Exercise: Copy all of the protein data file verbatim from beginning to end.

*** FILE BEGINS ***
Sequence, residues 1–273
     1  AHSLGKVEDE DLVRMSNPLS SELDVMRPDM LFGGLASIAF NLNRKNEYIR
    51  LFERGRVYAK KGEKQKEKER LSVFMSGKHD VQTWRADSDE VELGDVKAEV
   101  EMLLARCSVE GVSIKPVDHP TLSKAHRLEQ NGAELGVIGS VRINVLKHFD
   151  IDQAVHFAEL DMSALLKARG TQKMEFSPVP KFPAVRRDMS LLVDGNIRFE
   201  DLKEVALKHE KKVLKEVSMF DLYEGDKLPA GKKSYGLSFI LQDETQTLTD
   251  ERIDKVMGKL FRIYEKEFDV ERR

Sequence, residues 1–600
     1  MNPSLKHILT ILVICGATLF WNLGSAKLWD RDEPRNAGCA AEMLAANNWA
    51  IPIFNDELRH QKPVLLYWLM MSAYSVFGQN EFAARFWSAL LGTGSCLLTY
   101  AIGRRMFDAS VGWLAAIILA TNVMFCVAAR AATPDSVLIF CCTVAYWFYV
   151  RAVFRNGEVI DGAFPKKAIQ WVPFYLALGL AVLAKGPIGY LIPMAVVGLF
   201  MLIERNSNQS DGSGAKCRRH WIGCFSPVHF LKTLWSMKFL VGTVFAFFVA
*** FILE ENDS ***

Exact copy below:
Sequence, residues 1–273
     1  AHSLGKVEDE DLVRMSNPLS SELDVMRPDM LFGGLASIAF NLNRKNEYIR
    51  LFERGRVYAK KGEKQKEKER LSVFMSGKHD VQTWRADSDE VELGDVKAEV
   101  EMLLARCSVE GVSIKPVDHP TLSKAHRLEQ NGAELGVIGS VRINVLKHFD
   151  IDQAVHFAEL DMSALLKARG TQKMEFSPVP KFPAVRRDMS LLVDGNIRFE
   201  DLKEVALKHE KKVLKEVSMF DLYEGDKLPA GKKSYGLSFI LQDETQTLTD
   251  ERIDKVMGKL FRIYEKEFDV ERR

Sequence, residues 1–600
     1  MNPSLKHILT ILVICGATLF WNLGSAKLWD RDEPRNAGCA AEMLAANNWA
    51  IPIFNDELRH QKPVLLYWLM MSAYSVFGQN EFAARFWSAL LGTGSCLLTY
   101  AIGRRMFDAS VGWLAAIILA TNVMFCVAAR AATPDSVLIF CCTVAYWFYV
   151  RAVFRNGEVI DGAFPKKAIQ WVPFYLALGL AVLAKGPIGY LIPMAVVGLF
   201  MLIERNSNQS DGSGAKCRRH WIGCFSPVHF LKTLWSMKFL VGTVFAFFVA